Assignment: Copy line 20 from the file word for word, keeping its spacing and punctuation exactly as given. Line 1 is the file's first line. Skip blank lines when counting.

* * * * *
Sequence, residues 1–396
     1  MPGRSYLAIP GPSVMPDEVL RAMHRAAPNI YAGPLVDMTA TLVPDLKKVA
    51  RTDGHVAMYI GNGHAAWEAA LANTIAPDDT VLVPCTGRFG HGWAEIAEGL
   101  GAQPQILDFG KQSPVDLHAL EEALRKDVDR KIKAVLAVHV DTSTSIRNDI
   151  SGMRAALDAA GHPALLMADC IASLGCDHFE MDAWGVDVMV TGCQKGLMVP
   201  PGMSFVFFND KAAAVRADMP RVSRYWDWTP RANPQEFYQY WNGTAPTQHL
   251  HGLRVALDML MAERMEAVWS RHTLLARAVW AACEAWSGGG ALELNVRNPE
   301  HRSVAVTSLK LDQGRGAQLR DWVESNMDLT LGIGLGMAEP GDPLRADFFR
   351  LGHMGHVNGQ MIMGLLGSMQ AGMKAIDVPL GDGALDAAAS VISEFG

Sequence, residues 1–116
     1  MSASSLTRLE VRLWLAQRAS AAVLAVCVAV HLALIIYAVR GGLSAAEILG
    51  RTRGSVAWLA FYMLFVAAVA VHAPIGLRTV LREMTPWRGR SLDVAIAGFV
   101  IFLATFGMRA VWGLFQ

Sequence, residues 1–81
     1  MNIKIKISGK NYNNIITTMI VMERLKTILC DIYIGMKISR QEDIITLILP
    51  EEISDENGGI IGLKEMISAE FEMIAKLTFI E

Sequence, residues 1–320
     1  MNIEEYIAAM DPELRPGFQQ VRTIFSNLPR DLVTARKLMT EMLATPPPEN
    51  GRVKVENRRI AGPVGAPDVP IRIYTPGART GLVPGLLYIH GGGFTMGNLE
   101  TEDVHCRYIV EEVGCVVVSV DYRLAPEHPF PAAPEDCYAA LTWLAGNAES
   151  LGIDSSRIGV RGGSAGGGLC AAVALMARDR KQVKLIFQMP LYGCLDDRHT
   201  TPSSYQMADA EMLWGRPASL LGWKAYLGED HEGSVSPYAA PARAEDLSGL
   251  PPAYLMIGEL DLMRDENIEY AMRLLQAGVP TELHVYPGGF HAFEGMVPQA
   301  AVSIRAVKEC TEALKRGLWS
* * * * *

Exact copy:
   101  TEDVHCRYIV EEVGCVVVSV DYRLAPEHPF PAAPEDCYAA LTWLAGNAES